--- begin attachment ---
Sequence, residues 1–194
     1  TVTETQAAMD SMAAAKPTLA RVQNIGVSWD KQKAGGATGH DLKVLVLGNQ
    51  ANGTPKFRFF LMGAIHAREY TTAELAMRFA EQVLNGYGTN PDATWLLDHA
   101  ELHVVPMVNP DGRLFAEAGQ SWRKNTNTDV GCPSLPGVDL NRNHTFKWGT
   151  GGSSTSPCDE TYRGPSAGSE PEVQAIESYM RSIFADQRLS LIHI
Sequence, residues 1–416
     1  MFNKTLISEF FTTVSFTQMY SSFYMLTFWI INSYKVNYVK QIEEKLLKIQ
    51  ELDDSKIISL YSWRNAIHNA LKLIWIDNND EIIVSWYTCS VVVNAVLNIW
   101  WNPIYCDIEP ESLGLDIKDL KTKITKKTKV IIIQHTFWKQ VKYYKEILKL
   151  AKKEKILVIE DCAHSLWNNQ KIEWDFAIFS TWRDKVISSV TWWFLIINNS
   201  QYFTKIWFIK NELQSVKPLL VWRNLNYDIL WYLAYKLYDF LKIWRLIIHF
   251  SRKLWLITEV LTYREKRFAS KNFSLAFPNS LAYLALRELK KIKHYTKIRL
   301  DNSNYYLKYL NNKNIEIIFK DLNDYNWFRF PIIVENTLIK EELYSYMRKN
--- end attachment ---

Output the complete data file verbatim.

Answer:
Sequence, residues 1–194
     1  TVTETQAAMD SMAAAKPTLA RVQNIGVSWD KQKAGGATGH DLKVLVLGNQ
    51  ANGTPKFRFF LMGAIHAREY TTAELAMRFA EQVLNGYGTN PDATWLLDHA
   101  ELHVVPMVNP DGRLFAEAGQ SWRKNTNTDV GCPSLPGVDL NRNHTFKWGT
   151  GGSSTSPCDE TYRGPSAGSE PEVQAIESYM RSIFADQRLS LIHI
Sequence, residues 1–416
     1  MFNKTLISEF FTTVSFTQMY SSFYMLTFWI INSYKVNYVK QIEEKLLKIQ
    51  ELDDSKIISL YSWRNAIHNA LKLIWIDNND EIIVSWYTCS VVVNAVLNIW
   101  WNPIYCDIEP ESLGLDIKDL KTKITKKTKV IIIQHTFWKQ VKYYKEILKL
   151  AKKEKILVIE DCAHSLWNNQ KIEWDFAIFS TWRDKVISSV TWWFLIINNS
   201  QYFTKIWFIK NELQSVKPLL VWRNLNYDIL WYLAYKLYDF LKIWRLIIHF
   251  SRKLWLITEV LTYREKRFAS KNFSLAFPNS LAYLALRELK KIKHYTKIRL
   301  DNSNYYLKYL NNKNIEIIFK DLNDYNWFRF PIIVENTLIK EELYSYMRKN